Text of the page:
Getting Rid of the Sunday “Scaries”

September 20, 2018

 

 

Fall is upon us and school is back in session which can mean increased anxiety in children and ourselves. We have all felt this stress before. We are enjoying our weekend with our family and then all of a sudden it is Sunday and the anxiety of the approaching week starts to set in. In our house we affectionately refer to those feelings as the Sunday “scaries”. We may begin to feel stressed about what work or chores around the house we may not have completed. Maybe we have put off errands that needed to be run like grocery shopping or needing to buy new soccer cleats. Children can experience the same anxiety on Sundays if they have not completed their homework or are overly tired. Often, children will feel fine all weekend, and then Sunday night comes and they are complaining about having a stomach ache or a headache and they express they do not want to go to school the next day. There are ways to turn Sundays into more fun days and have it be a day that families can all enjoy together. Here are some suggestions on how to help reduce Sunday anxiety in children and ourselves:

  • Organize, organize, organize:  It can be helpful to have school items organized and ready for Monday. This can be done anytime during the weekend but preferably not late in the afternoon or evening on Sundays. This could include having your child pick out their outfit and have it laid out ready for the day. For some children it is beneficial to go ahead and have them choose their outfits for the entire week. There can be a special hanger for each day of the week in their closet where they have everything picked out in advance to make mornings easier and smoother before school. This could also include making sure their lunch is packed and in the refrigerator for the next day and making sure all school papers are signed and in their folder or back pack. Planning ahead is a key component in ensuring a smooth Sunday “fun day”!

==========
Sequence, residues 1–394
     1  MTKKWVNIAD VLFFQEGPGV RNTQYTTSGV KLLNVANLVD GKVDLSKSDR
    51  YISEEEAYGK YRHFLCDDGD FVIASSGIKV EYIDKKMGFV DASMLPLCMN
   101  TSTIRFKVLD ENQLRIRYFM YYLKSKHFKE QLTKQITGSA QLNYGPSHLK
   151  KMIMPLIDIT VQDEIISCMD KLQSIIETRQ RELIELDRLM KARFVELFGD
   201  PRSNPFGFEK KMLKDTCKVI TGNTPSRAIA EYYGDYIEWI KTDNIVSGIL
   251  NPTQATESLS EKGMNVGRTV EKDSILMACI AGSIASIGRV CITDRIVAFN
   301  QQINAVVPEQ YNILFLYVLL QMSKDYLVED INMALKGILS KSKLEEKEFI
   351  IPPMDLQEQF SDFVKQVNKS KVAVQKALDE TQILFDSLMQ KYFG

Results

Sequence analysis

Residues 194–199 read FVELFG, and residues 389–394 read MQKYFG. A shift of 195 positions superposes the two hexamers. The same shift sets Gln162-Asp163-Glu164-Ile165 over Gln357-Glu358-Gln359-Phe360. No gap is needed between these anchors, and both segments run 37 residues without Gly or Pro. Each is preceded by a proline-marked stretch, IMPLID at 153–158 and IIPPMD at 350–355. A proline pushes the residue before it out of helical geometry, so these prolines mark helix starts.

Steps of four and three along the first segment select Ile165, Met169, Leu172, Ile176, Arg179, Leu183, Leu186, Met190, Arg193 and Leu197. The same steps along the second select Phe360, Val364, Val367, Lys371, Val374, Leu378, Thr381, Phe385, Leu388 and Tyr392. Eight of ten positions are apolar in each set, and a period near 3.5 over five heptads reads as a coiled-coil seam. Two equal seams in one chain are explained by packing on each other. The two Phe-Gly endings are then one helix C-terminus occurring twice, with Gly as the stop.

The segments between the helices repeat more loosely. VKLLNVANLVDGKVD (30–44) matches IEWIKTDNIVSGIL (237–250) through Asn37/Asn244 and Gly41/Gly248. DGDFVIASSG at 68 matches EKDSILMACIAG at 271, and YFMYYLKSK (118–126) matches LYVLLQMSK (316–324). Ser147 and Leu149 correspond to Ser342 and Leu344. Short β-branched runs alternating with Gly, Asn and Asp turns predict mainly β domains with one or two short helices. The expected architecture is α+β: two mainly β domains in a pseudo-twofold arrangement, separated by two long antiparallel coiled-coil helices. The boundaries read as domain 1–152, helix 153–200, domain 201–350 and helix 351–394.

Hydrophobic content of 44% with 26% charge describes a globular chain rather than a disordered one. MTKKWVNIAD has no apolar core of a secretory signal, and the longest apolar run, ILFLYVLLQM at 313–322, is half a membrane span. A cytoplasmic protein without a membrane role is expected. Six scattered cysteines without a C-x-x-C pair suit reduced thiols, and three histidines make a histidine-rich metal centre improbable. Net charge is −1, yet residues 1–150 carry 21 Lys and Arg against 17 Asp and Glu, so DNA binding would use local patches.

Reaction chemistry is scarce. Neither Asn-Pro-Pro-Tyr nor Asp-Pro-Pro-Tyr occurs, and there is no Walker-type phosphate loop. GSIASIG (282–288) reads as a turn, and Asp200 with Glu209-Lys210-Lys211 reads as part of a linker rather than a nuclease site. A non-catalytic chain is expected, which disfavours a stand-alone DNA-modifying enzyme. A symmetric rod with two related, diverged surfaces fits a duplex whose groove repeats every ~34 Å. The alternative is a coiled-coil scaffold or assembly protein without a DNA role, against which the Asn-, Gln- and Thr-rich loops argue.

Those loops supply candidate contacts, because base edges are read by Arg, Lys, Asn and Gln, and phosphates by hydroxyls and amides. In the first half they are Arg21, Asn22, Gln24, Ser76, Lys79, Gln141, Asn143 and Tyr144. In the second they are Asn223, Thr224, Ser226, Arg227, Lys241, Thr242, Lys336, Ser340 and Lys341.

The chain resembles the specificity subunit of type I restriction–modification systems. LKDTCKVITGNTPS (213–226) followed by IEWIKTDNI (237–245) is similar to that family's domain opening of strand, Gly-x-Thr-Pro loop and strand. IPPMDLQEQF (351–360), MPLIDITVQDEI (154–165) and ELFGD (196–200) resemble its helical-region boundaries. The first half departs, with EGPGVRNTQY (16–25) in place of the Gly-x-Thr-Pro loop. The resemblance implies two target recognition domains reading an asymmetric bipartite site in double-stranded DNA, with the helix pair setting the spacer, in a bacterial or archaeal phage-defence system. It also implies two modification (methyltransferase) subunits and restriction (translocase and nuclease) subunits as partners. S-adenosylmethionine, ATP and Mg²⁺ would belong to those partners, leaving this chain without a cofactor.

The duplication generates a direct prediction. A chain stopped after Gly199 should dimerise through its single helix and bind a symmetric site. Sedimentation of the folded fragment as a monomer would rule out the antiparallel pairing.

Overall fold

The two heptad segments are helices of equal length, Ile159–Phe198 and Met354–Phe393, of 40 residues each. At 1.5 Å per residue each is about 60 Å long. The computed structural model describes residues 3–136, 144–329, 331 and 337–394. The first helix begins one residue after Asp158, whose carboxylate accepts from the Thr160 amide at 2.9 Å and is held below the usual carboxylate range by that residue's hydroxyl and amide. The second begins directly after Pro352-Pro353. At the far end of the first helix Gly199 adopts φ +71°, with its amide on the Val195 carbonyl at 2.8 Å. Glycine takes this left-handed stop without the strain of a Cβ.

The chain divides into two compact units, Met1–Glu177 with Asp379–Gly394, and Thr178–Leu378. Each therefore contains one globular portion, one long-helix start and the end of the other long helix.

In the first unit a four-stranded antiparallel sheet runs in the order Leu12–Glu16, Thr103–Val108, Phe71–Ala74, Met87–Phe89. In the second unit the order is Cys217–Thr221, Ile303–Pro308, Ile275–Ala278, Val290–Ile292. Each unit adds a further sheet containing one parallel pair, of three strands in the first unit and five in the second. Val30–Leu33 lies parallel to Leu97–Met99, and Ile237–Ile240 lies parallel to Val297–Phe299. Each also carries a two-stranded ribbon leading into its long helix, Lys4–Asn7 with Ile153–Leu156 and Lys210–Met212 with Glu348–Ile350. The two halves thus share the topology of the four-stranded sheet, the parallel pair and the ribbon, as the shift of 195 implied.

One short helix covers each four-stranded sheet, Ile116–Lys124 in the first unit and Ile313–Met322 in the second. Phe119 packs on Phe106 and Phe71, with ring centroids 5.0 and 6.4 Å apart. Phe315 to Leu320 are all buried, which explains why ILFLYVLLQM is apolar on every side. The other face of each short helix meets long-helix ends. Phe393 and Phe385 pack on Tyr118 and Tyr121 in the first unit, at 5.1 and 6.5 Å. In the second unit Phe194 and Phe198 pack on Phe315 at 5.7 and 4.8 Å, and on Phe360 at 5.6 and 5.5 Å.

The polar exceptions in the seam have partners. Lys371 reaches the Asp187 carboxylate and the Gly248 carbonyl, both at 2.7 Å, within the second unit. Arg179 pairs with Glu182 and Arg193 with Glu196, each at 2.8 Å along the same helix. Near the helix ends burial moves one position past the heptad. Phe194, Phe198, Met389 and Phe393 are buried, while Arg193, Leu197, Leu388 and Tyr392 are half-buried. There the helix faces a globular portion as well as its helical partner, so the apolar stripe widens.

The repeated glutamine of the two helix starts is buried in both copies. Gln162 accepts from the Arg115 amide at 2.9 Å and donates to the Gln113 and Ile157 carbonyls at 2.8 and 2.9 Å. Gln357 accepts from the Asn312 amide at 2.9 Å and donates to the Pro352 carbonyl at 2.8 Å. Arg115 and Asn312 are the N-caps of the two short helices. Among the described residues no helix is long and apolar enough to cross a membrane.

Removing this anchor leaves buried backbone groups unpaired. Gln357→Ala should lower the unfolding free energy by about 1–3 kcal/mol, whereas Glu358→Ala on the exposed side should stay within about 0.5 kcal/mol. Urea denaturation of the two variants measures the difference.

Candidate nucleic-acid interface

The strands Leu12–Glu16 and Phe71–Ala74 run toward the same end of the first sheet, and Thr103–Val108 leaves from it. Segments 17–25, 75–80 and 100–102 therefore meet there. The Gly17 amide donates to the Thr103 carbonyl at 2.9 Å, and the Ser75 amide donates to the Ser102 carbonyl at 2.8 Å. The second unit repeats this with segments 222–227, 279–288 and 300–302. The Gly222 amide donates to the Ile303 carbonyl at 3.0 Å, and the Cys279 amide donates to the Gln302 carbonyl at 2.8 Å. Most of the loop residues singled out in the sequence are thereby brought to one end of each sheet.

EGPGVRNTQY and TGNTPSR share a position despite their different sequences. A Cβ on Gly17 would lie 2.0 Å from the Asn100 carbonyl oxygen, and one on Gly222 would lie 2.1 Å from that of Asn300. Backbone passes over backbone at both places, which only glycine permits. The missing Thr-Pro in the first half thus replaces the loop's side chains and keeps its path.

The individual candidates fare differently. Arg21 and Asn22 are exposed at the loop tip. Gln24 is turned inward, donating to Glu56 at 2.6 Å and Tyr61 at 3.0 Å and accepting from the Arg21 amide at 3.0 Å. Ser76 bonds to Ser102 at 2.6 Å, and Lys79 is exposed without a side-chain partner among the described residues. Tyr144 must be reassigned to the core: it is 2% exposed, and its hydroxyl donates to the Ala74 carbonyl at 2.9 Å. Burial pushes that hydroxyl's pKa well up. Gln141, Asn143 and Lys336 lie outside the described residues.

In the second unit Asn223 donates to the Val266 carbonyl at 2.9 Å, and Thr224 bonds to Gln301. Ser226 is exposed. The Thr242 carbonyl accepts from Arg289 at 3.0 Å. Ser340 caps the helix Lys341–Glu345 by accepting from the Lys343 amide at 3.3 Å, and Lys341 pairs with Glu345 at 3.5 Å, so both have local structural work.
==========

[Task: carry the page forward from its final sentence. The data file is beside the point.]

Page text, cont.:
• Do homework on Friday:  It can be difficult for your child to come home on a Friday and have the motivation to sit down to complete their homework especially as they get older and start having weekend plans with friends. It may not be fun, but once their homework is done then they can truly enjoy their weekend and not feel stressed or anxious about procrastinating on their school work. Another good time to do homework could be Saturday morning before any activities begin. For teenagers it is likely that they will have tests on Mondays sometimes and in those situations the only schoolwork they should be doing on Sunday is studying. Maybe they are rereading a chapter or reviewing note cards but ideally they would have already put in some studying time and this is just a review to refresh their memory of the material the night before the test.